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Chinese in America: Literary Lunchtime with Mae Ngai and Aziz Rana

Mae Ngai, author of The Lucky Ones.  

Join Mae Ngai and Aziz Rana as they read from their latest books and discuss family lives and legal battles that offer insight into the Chinese-American experience. The Lucky Ones, the latest book by historian Mae Ngai (Impossible Subjects), is a compelling account of three generations of the Tape family, whose patriarch Jeu Dip (Joseph Tape) arrives on his own on 'Gold Mountain' as a young teenage immigrant from China. Tape not only survives but flourishes in 19th-century San Francisco, a land of opportunity and danger. His children and grandchildren then go on to play personal and pivotal roles in the Chinese American community, illuminating the legacy of the immigrant experience for all Americans.

In The Two Faces of American Freedom, legal scholar Aziz Rana looks at these patterns of immigration and their decisive role in the creation of the United States. Taking a close look at the Chinese Exclusion Act of 1882, an act that the first 'lucky' Tape generation barely missed, Rana shows the practices of liberty and exclusion that form a central tension to the American political tradition. This rare multi-disciplinary reading and conversation will look at the Chinese in America from inside and out, revealing their centrality to the American narrative.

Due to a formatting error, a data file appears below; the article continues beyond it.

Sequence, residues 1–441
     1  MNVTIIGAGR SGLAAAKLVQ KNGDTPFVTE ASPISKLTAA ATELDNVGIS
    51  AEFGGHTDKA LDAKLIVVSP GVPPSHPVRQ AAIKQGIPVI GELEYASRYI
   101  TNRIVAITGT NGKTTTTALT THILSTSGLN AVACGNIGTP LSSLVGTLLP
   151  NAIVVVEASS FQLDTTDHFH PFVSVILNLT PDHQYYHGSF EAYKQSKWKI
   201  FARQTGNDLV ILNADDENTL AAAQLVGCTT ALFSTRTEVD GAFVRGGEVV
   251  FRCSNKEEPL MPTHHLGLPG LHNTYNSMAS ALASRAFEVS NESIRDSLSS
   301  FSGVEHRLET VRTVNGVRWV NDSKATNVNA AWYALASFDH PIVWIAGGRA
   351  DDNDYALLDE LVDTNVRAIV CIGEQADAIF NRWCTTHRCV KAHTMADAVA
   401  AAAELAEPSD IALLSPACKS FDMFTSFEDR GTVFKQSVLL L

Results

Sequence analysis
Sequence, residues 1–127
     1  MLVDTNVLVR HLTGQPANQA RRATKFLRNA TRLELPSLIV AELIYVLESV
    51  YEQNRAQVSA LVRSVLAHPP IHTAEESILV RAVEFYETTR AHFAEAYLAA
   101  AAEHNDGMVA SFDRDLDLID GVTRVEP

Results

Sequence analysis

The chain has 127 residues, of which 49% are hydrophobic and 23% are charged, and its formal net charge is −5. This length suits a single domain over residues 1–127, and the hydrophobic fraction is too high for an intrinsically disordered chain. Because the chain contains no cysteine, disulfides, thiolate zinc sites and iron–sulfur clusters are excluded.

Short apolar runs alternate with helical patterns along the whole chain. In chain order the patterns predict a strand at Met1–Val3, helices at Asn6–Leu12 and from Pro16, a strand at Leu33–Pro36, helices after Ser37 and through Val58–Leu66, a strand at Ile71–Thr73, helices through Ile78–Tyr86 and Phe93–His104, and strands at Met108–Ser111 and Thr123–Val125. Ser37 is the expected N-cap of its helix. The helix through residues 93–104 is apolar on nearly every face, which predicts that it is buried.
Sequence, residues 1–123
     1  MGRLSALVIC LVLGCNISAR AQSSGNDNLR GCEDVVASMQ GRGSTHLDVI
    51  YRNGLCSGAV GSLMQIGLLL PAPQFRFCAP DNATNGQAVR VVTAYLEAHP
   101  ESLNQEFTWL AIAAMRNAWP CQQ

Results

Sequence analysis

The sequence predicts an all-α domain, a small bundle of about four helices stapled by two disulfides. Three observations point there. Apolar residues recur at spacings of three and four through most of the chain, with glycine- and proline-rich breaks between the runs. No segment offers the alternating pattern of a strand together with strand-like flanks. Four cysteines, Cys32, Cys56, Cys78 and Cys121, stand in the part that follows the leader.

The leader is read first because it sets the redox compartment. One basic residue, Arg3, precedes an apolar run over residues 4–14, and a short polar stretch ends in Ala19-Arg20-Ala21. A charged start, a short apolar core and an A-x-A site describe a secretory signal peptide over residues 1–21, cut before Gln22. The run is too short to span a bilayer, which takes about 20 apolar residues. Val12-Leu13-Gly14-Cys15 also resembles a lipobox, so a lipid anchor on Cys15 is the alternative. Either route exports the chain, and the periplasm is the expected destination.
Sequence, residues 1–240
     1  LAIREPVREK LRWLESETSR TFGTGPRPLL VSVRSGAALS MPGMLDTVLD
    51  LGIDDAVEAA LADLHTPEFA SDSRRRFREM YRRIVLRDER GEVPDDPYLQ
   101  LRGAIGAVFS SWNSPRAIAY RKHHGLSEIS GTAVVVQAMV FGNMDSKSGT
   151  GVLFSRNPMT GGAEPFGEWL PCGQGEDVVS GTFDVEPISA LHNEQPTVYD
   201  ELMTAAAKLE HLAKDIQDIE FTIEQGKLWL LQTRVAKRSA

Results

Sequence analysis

Mae M. Ngai is a professor at Columbia University. She is author of Impossible Subjects: Illegal Aliens and the Making of Modern America (Princeton, 2004) and The Lucky Ones: One Family and the Extraordinary Invention of Chinese America (Houghton Mifflin Harcourt, 2010) and has written on immigration history and policy for The Washington Post, New York Times, Los Angeles Times, The Nation, and The Boston Review.

Aziz Rana, author of The Two Faces of American Freedom (Harvard University Press) is a professor at Cornell Law School received his A.B. summa cum laude from Harvard College and his J.D. from Yale Law School. Prior to joining the Cornell faculty, he was an Oscar M. Ruebhausen Fellow in Law at Yale. Much of his writing focuses on how notions of republicanism and expansion shaped US constitutional development.

Followed by a book sale and signing.

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Co-sponsored by The Asian American Writers' Workshop (AAWW)

Can't make it to this program? Tune in to the free live video webcast on AsiaSociety.org/Live from 12:45 to 2:00 pm ET. Online viewers are encouraged to submit their questions to [email protected] and to join the live chat during the webcast.


Event Details

Thu 7 Oct 2010
8:30am - 10:00am

725 Park Avenue, New York, NY

Free for Asia Society and AAWW members; $5 students/seniors; $10 nonmembers